The identity of five macroalgae used as sea vegetables or food ingredients has been determined by amplification of the ribosomal DNA ITS region and RFLP analysis. This allows the detection of specificity patterns for each species and provides an alternative method, when morphological or biochemical methods fail, for control of their use as food ingredients. Alga-specific PCR primers have been used to determine the ITS rDNA sequences of DNAs extracted from dried and ground algae up to 5 years old. The seaweeds studied were the red algae Palmaria palmata (dulse), Porphyra umbilicalis (nori), and Chondrus crispus (pioca) and the brown algae Himanthalia elongata (sea spaghetti) and Laminaria sp (konbu). Total genomic DNA suitable for amplification was extracted from the alga powder following the CTAB method. This methodology allowed the sequencing of the amplified product and the drawing of theoretical restriction maps useful in the choice of restriction enzymes for RFLP analysis. Enzymes that appeared useful included Mbo I and Alu I. Cutting with a single enzyme was sufficient to obtain characteristic patterns for the red algae P palmata, P umbilicalis and C crispus. For the two brown algae H elongata and Laminaria sp the ITS rDNA sequence showed a lack of suitable restriction site, contrary to other species for which characteristic patterns were obtained.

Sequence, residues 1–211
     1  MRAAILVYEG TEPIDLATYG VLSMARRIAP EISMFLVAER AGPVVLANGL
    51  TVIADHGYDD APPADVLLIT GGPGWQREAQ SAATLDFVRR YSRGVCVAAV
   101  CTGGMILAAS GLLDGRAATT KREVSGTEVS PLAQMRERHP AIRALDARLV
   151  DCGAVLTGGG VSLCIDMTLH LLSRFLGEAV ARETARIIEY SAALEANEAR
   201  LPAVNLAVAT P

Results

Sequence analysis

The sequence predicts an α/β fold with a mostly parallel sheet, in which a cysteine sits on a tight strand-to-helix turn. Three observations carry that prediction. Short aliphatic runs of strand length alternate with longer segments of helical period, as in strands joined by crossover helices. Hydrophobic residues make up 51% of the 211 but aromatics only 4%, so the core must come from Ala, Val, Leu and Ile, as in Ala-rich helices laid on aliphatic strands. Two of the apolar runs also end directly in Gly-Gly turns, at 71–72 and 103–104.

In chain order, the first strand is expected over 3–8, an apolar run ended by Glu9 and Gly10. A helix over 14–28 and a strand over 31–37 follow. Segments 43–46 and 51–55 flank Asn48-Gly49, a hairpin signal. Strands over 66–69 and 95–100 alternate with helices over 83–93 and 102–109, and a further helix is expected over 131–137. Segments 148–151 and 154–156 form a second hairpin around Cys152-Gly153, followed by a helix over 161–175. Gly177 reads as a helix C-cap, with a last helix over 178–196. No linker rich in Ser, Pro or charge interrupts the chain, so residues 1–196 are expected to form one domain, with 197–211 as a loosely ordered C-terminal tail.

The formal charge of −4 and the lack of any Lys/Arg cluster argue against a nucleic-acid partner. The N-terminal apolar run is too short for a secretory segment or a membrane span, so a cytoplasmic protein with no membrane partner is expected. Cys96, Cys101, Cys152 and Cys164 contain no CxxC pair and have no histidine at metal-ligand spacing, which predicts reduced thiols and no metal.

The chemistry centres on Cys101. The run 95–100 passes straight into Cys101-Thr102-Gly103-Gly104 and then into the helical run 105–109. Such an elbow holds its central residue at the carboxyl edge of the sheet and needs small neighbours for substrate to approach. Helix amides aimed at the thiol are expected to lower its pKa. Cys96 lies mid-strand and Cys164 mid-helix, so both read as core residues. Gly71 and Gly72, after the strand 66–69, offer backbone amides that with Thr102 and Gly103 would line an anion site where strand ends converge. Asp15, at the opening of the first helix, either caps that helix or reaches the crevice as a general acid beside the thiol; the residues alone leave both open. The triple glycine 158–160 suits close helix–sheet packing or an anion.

© 2003 Society of Chemical Industry